For the advantage of AMOLED shows, which consume significantly less power when pixels aren’t lit, this generally means large regions of black, unlit pixels. Within our situation we keep ambient mode status inside a boolean, set the anti alias mode accordingly, after which call invalidate() to pressure a redraw from the display.
Finally we’ve onDraw() which needs to be a little more familiar – app developer accounts for drawing the timepiece face. We first draw the right background based on whether we’re in ambient mode. Next we see whether the unit bounds have altered – if that’s the case we have to recalculate our layout. Finally we draw the written text. A lot of the logic its this really is contained within TextLayout and InsetCalculator and we’ll check out these in the end. I’ve deliberately mimicked the naming and techniques of Android Designs here because basically that’s what we’re doing. Here we must draw straight to the Canvas and that’s precisely what Sights and Designs do for all of us. Nevertheless the needs listed here are to dynamically size the written text elements so we have to perform some stuff ourselves.
One factor worth mentioning is the fact that Something O’Clock is really a static watch face. The only real time that it changes is that if new text is chosen (more about that later within the series), so when we switch interior and exterior ambient mode. For many dynamic watch faces you’ll should also override onTimeTick() or perhaps set your personal timers which will allow you to update the display instantly.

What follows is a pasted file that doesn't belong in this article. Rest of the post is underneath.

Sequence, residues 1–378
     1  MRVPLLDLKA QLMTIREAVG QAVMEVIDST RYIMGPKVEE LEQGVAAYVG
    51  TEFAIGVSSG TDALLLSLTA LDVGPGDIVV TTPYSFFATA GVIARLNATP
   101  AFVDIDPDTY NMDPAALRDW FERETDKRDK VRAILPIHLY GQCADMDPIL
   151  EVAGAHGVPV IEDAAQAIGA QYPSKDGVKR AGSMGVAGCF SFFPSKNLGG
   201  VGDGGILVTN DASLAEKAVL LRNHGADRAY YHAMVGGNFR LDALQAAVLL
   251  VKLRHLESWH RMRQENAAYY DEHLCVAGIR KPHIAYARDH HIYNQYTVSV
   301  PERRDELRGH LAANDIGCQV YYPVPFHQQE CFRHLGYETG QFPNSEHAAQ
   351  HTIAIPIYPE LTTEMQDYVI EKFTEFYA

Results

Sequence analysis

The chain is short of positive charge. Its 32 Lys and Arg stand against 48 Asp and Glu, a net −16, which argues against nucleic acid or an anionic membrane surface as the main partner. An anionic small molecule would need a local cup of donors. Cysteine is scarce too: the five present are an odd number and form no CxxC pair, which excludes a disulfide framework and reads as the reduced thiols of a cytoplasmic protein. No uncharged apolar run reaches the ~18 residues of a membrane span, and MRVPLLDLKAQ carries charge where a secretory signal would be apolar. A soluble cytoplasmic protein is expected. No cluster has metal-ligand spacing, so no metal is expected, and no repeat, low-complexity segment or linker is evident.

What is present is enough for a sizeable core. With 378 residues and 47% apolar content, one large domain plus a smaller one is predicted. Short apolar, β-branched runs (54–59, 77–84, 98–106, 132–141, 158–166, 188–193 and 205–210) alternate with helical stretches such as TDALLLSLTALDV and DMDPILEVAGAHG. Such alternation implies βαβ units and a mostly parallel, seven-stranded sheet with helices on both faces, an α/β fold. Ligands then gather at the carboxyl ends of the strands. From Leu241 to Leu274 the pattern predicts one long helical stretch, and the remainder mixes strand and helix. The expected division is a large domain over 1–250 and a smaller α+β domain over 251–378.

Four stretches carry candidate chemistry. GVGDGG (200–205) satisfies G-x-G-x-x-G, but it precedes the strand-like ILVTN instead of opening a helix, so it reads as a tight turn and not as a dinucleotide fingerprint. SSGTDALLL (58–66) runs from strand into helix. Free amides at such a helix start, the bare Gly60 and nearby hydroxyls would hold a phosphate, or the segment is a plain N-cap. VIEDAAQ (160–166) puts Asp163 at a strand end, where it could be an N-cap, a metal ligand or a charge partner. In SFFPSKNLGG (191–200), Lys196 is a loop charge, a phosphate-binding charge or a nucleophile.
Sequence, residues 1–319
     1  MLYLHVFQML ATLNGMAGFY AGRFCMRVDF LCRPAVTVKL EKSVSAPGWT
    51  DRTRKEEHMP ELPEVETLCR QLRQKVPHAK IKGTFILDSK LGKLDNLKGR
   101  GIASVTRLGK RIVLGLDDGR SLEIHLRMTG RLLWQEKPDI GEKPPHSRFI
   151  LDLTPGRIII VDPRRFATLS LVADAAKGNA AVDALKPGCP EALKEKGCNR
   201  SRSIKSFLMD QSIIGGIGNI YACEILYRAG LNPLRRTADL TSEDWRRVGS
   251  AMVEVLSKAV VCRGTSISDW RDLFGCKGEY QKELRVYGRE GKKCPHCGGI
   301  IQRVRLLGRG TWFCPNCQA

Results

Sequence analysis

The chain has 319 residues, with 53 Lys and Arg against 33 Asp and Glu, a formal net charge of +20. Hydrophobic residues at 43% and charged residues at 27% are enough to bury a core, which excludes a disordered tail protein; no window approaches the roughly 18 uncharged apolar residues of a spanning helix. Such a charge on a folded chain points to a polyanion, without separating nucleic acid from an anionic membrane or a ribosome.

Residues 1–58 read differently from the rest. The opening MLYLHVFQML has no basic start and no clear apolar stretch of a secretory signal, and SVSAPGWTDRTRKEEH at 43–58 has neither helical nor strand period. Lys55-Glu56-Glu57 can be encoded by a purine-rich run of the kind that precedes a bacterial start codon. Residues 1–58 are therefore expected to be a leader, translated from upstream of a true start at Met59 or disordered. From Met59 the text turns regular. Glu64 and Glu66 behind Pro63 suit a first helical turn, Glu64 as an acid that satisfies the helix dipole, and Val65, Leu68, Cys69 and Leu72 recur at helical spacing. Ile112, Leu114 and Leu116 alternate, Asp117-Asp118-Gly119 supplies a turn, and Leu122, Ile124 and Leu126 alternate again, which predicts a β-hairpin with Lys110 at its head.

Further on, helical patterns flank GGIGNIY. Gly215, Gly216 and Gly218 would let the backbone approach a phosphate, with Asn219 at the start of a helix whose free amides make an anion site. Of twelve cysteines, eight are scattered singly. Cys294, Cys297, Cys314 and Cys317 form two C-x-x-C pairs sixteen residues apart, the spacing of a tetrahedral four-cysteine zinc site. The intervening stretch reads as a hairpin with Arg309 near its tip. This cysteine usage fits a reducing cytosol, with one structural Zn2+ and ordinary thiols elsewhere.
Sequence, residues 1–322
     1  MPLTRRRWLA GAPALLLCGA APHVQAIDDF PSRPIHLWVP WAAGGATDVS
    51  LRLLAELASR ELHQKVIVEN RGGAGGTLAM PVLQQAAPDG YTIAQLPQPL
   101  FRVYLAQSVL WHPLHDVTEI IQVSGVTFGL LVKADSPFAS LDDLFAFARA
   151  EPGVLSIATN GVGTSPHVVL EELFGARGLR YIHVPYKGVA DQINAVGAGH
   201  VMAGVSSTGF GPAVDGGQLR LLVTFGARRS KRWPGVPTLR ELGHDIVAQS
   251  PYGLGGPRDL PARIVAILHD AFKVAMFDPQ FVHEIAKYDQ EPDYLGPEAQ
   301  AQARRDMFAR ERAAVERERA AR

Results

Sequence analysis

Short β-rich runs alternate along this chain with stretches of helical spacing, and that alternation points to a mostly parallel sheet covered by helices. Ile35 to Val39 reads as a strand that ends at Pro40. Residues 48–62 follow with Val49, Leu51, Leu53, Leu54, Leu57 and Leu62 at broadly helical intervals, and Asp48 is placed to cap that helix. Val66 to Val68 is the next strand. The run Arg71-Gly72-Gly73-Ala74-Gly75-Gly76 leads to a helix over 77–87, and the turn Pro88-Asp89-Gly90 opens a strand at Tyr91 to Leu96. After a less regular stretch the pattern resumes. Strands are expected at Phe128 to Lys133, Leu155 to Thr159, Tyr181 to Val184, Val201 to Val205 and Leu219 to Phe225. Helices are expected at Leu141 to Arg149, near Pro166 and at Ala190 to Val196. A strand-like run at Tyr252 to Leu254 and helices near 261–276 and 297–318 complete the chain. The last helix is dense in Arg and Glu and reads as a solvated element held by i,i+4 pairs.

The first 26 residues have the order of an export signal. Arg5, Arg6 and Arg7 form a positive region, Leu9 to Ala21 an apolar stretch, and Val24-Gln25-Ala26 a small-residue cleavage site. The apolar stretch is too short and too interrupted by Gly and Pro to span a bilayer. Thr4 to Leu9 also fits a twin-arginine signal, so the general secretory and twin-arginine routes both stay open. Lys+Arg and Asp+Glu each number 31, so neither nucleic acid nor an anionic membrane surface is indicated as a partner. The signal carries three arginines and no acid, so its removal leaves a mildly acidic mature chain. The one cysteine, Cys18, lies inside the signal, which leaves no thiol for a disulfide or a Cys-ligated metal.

It is essential to declare the WAKE_LOCK permission otherwise your watch face will crash soon after install. All watch faces require this permission because app developer have to periodically avoid the device from sleeping when upgrading time. We can provide preview images which is proven around the device itself as well as on the Put on application around the paired phone to supply a visual representation from the watch face. Also there’s a wallpaper meta-data implementation that is straightforward:
So that’s the primary skeleton from the watch face, but we haven’t yet checked out how we’ll really position and render the written text – which we’ll take a look at within the next article.
There’s no code being printed in addition to this article because we don’t yet have something working. Through the finish from the next article we’ll possess a fully working watch face (although one with limited functionality) and also the code is going to be printed then – I promise!.